Partnering in Mental Health

Loving someone with mental illness

Black Friday = Partner Black Mood?

The holiday season isn't happy for everyone all the time.

“Black Friday” gets its name from the fact that on the day after Thanksgiving, retailers finally make enough money for the year to “be in the black” - in other words, profitable.

For your partner with a mental illness, “Black Friday” - or really, any day this time of year - can feel darker than usual.

Since yesterday was Thanksgiving, it’s likely that you and your partner were with family and friends for the holiday (and they may even still be in your house now!). That “family togetherness” may have stirred up tensions that lay dormant the rest of the year, creating additional anxiety and depression for your partner.

Or perhaps you and your partner were alone, and that brought up other feelings, depending on the reason for not being with others. You could live too far away, or people you used to celebrate with may have passed away since last year, or perhaps your partner is too ill to participate in family get-togethers. Your partner may be grieving the loss of holiday traditions, or feeling anger, guilt, or shame if the reason you didn’t participate is because of their illness.

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Luckily, the holiday season is a finite span of time, and it will be over come January 1. But, we still have 33 days to go until then, so how can you ease your partner’s burden about the holiday season?

  1. Validate your partner’s feelings. The holidays are a crazy time of year, and most people feel overburdened by expectations. Acknowledge your partner’s feelings, and let them talk about what’s happening for them as they face this time of the year.
  2. Have realistic expectations. After doing #1, talk about what expectations you both have for the holidays so that everyone is on the same page. Maybe this year, you only give each other one gift, or nothing at all. Maybe you choose one or two holiday parties to attend instead of saying yes to every invitation. Maybe you don’t decorate the house as ornately as usual, or have Chinese food for Christmas Eve dinner instead of an elaborate meal.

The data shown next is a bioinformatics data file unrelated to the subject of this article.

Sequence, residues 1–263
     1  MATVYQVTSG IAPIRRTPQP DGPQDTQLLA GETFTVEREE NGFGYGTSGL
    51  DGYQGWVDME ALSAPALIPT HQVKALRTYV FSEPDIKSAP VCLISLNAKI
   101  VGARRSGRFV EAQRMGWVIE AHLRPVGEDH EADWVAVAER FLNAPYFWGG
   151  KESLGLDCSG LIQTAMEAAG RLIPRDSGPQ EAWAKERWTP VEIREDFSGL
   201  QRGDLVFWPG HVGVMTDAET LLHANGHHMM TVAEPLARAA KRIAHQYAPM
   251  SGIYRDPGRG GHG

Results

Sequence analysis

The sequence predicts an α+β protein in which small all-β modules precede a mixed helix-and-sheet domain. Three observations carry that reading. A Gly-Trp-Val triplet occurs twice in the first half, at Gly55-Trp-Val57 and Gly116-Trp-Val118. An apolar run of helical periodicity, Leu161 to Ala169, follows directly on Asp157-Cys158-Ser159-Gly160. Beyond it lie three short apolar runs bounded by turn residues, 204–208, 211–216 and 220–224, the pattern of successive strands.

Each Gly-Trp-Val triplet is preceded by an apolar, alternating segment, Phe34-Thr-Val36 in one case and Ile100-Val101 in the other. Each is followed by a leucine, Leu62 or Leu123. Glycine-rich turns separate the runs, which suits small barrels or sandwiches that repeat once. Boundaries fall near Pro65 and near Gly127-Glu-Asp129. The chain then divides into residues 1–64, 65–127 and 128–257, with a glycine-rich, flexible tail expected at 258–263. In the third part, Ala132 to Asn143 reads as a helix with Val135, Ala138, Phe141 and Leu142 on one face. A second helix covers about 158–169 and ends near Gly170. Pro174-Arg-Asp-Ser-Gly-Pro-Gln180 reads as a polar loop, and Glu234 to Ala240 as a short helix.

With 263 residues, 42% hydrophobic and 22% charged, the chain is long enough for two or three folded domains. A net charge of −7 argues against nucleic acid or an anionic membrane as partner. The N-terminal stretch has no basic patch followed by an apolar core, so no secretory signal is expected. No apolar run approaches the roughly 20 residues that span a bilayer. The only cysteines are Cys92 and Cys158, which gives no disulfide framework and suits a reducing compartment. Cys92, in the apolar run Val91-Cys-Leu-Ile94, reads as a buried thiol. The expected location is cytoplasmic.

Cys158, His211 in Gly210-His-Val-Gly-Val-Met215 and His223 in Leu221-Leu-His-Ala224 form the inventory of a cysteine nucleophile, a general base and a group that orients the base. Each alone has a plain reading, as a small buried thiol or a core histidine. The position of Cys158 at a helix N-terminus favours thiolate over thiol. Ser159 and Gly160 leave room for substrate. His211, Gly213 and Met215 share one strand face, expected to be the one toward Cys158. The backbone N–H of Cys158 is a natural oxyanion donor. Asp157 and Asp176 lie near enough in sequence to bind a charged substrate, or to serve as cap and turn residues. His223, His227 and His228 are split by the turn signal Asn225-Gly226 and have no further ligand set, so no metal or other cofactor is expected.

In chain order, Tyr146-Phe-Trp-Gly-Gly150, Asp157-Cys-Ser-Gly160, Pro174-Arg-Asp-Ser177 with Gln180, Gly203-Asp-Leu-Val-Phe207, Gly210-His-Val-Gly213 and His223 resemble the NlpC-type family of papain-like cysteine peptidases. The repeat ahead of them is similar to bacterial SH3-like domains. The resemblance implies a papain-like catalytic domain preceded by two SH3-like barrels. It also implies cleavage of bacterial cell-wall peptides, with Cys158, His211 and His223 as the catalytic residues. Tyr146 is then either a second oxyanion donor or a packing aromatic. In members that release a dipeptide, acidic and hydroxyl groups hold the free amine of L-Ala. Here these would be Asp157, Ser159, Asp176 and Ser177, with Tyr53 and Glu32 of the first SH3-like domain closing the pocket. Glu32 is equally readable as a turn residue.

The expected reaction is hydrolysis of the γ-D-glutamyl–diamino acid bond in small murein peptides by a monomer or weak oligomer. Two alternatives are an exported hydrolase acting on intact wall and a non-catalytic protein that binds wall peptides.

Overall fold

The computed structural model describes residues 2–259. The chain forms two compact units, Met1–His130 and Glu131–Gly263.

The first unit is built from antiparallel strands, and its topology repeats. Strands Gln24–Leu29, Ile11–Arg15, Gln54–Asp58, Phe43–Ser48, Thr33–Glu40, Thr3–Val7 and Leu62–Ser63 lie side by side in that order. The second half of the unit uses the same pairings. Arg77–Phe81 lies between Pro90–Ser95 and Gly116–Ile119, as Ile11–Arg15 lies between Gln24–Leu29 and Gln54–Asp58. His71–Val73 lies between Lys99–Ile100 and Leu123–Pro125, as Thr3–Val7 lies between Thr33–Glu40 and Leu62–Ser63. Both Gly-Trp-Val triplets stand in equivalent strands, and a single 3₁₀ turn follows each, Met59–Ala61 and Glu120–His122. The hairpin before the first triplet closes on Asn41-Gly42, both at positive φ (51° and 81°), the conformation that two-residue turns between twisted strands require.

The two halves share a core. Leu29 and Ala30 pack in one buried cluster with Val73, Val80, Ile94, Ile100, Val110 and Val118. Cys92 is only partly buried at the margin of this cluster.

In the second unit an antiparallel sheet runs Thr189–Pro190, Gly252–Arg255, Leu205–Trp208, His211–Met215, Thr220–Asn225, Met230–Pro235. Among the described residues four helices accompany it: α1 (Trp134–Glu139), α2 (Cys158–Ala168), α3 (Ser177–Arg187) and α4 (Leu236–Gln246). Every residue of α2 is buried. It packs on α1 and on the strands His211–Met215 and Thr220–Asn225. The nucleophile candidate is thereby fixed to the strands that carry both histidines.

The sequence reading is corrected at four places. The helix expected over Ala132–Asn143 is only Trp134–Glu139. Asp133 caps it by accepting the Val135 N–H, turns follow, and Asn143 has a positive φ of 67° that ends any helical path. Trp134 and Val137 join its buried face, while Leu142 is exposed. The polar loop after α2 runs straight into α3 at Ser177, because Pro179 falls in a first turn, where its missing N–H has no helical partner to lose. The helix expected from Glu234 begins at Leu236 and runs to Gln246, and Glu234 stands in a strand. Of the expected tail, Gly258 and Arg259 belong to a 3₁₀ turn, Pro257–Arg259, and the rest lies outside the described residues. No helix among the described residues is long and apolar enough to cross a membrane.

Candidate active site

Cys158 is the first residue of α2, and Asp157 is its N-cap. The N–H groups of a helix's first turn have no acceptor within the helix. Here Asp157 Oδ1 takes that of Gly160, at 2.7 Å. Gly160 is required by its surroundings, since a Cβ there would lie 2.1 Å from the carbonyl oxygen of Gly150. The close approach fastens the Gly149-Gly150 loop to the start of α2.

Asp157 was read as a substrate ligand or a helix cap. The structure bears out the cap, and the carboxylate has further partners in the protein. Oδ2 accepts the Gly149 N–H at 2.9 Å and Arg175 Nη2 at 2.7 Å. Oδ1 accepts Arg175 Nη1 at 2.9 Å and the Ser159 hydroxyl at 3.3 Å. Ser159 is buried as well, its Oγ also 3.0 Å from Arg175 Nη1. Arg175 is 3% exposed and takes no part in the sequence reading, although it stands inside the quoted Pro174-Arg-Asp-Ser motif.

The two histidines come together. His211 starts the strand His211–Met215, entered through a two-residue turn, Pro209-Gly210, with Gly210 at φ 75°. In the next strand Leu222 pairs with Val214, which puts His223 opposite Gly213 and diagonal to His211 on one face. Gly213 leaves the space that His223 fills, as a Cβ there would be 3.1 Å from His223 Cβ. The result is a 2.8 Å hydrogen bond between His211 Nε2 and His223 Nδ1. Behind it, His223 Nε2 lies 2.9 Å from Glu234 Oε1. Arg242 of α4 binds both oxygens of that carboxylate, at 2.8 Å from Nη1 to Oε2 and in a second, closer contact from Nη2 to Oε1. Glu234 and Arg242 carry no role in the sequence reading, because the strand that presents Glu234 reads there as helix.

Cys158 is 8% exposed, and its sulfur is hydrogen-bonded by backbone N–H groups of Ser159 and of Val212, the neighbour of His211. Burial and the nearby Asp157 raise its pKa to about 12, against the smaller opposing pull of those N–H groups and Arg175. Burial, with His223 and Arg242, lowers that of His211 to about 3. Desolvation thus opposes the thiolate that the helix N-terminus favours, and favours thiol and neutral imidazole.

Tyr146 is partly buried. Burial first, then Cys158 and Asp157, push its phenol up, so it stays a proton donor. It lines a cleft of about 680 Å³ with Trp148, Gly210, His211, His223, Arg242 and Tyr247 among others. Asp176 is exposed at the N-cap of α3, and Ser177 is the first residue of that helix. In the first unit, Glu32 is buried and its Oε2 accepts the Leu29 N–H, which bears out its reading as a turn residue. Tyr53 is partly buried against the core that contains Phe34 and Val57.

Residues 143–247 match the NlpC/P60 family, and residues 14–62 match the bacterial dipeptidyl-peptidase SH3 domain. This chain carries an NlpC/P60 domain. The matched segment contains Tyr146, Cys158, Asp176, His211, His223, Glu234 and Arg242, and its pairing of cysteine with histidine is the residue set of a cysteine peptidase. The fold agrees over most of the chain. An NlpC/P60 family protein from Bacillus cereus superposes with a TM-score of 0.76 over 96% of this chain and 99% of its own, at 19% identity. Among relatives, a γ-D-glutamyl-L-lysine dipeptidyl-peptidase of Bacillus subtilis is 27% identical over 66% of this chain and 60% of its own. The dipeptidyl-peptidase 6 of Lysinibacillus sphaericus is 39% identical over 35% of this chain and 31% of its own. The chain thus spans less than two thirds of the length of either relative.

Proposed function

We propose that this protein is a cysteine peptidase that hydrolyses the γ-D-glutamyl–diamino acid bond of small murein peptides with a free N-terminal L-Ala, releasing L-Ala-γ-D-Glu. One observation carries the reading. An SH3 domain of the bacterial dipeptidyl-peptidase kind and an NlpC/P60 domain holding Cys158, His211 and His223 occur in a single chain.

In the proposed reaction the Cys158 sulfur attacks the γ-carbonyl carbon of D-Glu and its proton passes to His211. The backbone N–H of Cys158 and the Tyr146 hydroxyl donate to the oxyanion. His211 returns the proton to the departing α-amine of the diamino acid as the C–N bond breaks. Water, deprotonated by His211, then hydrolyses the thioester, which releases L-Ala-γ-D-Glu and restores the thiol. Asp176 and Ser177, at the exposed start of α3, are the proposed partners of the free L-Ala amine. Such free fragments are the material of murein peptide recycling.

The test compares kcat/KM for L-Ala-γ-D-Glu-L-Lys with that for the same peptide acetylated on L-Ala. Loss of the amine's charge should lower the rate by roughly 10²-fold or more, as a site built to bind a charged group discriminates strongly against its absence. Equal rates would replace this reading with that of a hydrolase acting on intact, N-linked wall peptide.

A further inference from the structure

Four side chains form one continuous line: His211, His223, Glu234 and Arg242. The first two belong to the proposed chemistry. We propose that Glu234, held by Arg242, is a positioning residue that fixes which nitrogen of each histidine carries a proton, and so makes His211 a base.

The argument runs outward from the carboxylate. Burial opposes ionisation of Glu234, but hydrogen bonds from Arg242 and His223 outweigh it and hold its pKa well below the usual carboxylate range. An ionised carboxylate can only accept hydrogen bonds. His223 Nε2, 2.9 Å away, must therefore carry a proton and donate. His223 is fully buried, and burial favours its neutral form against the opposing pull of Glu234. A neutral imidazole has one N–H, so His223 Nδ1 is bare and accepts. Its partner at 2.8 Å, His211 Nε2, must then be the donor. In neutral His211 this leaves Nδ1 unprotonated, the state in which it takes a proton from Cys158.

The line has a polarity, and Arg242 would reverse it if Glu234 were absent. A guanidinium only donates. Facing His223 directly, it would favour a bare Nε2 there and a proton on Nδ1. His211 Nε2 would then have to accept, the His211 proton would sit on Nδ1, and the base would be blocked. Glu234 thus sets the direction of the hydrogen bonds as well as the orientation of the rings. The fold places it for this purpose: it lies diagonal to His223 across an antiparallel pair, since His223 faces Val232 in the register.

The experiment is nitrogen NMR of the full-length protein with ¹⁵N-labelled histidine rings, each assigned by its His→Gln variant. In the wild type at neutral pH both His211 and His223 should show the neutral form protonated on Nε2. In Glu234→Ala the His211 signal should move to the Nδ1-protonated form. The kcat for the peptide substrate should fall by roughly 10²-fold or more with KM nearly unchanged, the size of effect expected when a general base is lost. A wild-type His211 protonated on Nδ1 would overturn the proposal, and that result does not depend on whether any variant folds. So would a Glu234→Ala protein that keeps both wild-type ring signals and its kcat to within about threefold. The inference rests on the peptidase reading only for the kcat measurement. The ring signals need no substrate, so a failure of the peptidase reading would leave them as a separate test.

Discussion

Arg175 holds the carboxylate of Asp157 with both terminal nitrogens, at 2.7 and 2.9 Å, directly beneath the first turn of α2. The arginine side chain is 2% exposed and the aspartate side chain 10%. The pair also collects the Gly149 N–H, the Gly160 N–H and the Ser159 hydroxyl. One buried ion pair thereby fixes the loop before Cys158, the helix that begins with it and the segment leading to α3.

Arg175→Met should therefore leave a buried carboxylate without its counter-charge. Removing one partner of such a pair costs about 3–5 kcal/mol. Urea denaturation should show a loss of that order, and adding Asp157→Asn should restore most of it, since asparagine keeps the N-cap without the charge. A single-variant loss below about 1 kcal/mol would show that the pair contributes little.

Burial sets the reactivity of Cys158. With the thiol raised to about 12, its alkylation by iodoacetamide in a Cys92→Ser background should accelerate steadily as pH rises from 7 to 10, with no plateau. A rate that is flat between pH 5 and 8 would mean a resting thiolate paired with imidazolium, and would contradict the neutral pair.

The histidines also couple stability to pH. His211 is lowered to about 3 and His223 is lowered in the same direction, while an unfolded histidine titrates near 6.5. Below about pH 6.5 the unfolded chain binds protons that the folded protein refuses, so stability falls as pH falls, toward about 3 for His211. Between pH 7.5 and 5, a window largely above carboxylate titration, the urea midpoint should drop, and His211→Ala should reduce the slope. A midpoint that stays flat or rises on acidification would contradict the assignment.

3. Be flexible. Once #2 is settled, still be flexible. Plans change, stuff comes up, people get sick with colds, etc. The best laid plans rarely happen without a hitch. The key is to not make or allow your partner to feel guilty or ashamed if the reason it doesn’t go as planned is because of their illness.
  4. Create new traditions. If you and your partner have decided to forego some old traditions because they feel out of reach this year, what new traditions can you try? By adding something memorable that is positive this year, it will more likely be remembered as “The year we started doing X” instead of “The year we did nothing because of _______ [mental illness].”
  5. Help out when you can. In the past, your partner may have had certain responsibilities that feel like too much this year. If it is realistic that you can take over some of those jobs (without complaining!), your partner would probably appreciate it. Ask first though–your partner may not want your help or for you to assume they are too sick to handle it.
  6. Maintain routine as much as possible. Eating moderately, exercising, maintaining sleep routines, and taking meds appropriately are important 365 days of the year, holidays or not. Do your best to keep yourself and your partner on as much of a schedule and routine as possible.
  7. Remind your partner that they are your most special gift in life. When the holidays are all said and done, this is what is most important. It’s not the amount of presents bought or received, the meals cooked, or the parties attended. Showing your partner that you love them will last far longer than anything they can open from a box.

Kate Thieda works as a therapist in private practice in Durham, North Carolina.

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